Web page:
Gendering the Ninth Floor

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  • Title: Gendering the Ninth Floor: Lady Eaton and the Eaton’s Ninth Floor Restaurant, Montréal
  • Author(s): Maya Soren
  • Publisher: Common Ground Research Networks
  • Collection: Common Ground Research Networks
  • Series: The Constructed Environment
  • Journal Title: The International Journal of the Constructed Environment
  • Keywords: Public Heritage, Public Memory, Architectural History, Cultural Heritage, Gendered Space, Unspace, Feminism, 1930s, Montréal, Eaton’s Ninth Floor Restaurant, Lady Flora McCrea Eaton, Jacques Carlu, Eaton’s, Department Store, Pierre Patout, Île-de-France,
  • Volume: 2
  • Issue: 2
  • Year: 2012
  • ISSN: 2154-8587 (Print)
  • ISSN: 2154-8595 (Online)
  • DOI: https://doi.org/10.18848/2154-8587/CGP/v02i02/37530
  • Citation: Soren, Maya. 2012. "Gendering the Ninth Floor: Lady Eaton and the Eaton’s Ninth Floor Restaurant, Montréal." The International Journal of the Constructed Environment 2 (2): 179-206. doi:10.18848/2154-8587/CGP/v02i02/37530.
  • Extent: 28 pages

Abstract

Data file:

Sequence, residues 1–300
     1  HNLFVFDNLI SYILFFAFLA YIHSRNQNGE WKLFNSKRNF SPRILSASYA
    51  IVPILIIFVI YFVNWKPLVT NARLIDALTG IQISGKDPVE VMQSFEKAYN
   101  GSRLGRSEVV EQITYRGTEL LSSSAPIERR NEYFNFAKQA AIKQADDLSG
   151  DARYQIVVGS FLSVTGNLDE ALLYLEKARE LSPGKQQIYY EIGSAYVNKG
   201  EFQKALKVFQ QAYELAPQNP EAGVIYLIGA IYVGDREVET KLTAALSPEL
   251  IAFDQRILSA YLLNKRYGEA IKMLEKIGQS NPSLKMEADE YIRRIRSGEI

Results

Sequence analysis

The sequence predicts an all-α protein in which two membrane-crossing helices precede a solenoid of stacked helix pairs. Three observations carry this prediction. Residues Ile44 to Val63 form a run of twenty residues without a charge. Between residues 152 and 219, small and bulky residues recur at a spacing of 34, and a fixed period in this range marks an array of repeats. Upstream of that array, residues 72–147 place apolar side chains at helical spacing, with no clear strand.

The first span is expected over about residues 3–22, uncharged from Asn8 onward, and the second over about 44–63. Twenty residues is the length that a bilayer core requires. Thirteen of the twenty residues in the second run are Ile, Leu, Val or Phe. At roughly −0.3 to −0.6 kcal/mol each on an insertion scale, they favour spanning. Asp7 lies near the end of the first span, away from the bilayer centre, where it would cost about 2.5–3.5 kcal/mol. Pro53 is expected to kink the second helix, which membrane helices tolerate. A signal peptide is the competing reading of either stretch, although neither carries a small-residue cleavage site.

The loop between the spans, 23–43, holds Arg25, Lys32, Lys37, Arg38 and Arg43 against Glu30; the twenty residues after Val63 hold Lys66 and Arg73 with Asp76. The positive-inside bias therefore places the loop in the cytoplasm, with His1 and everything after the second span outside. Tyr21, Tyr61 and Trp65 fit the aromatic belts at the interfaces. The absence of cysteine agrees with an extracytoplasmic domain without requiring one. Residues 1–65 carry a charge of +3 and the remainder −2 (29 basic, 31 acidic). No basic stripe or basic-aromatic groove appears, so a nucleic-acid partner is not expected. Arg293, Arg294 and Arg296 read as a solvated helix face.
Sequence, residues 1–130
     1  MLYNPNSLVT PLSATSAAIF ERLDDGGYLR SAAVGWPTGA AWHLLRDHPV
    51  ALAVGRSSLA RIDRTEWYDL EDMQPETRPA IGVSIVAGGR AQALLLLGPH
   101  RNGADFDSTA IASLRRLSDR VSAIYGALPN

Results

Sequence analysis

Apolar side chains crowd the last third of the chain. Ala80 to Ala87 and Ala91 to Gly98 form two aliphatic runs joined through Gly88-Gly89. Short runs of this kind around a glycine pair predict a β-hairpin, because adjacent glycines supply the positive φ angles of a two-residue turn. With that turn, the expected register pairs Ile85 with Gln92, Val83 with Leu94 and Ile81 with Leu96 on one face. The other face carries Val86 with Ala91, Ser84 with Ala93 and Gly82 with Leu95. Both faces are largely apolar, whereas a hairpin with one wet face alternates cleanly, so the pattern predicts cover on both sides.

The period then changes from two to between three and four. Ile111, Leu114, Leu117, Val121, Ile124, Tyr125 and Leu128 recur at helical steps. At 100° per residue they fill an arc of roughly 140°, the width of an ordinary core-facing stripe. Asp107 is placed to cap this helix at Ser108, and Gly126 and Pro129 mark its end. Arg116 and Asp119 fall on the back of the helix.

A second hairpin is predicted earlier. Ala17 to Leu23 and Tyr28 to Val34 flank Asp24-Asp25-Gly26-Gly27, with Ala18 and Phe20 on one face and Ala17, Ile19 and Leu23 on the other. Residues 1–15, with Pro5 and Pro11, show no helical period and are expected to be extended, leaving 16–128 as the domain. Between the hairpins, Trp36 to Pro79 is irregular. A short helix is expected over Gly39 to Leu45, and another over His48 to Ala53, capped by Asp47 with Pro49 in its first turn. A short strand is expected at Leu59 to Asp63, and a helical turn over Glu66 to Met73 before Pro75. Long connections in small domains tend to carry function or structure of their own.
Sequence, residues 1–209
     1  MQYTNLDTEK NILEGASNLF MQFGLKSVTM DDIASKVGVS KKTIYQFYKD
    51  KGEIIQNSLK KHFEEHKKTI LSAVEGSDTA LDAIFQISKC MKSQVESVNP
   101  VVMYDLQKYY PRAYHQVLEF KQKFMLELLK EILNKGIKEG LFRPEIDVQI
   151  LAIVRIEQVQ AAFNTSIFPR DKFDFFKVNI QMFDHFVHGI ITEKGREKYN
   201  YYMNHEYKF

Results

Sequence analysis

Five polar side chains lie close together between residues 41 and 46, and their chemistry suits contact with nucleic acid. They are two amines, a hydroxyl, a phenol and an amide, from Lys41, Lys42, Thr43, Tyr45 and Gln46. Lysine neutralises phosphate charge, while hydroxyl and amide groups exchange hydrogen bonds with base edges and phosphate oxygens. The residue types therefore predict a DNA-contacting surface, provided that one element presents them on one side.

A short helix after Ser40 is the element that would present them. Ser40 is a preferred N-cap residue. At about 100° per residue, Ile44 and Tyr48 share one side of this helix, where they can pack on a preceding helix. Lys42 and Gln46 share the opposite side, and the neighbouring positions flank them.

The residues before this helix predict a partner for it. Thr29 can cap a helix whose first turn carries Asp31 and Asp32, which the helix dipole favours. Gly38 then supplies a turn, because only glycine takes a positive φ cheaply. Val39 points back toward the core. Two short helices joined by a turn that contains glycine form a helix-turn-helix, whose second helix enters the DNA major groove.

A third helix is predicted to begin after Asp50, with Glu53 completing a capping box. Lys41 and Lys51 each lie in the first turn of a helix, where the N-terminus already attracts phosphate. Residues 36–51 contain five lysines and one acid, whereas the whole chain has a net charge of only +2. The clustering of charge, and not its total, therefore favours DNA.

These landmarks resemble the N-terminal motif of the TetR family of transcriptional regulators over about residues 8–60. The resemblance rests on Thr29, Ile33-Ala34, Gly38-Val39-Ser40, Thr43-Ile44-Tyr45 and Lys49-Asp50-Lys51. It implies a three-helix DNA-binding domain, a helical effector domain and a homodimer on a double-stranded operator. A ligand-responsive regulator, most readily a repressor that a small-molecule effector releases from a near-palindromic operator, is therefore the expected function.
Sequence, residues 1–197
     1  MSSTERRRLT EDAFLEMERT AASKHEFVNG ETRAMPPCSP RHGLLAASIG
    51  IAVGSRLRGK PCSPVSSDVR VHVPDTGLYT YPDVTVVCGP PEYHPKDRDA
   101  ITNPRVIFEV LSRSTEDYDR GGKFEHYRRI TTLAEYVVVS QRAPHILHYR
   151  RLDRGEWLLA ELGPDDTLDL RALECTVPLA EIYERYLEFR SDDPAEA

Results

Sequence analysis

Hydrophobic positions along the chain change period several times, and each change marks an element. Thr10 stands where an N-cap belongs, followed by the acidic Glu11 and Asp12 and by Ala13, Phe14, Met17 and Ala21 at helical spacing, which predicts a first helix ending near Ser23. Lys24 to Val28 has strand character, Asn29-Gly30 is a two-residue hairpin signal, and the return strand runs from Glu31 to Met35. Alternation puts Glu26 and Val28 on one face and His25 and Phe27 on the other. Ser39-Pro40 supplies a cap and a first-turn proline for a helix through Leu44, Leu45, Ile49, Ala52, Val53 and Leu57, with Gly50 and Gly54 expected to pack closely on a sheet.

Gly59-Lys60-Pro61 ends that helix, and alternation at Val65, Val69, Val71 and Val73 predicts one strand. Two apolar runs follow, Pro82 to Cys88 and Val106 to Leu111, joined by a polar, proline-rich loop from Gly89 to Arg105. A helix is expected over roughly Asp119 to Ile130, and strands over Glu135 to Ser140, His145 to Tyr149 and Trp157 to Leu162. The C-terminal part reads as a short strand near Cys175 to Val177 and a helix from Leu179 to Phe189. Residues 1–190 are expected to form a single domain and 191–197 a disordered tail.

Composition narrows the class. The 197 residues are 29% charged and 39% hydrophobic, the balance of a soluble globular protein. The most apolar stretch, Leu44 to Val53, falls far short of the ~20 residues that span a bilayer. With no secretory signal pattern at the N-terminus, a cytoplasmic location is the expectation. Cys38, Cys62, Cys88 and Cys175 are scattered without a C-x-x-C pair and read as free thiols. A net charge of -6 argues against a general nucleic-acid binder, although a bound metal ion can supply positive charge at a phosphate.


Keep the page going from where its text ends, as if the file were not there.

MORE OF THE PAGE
In 2000 Le 9e was officially declared a Quebec heritage site by the Ministère de la Culture, des Communications et de la Condition féminine after operating at the corner of University and Ste-Catherine streets in Montréal for nearly seventy years. The present owner, property management company Ivanhoe Cambridge, denies all access to the public as well as to professionals working in the heritage industry. At present the restaurant is privately owned but has a cultural distinction that situates it as part of public heritage. My research grapples with this paradox, investigating the site’s heritage value within a broader historical context and offering new perspectives on its interpretation. Representing an emerging culture of luxury amongst the middle class in 1930s Montréal, as well as anglophone wealth and power in an increasingly francophone city, Le 9e is one of the last surviving Art Deco interior spaces in Montréal. I am especially interested in the site’s social and cultural value as a gendered space, as it was one of relatively few public places where it was socially acceptable for middle and upper class women to convene without a male companion in the 1930s. Lady Eaton’s crucial role in the conception and management of the restaurant, as well as her status as a nationally important public figure will also be examined in terms of the “gendering” of the space.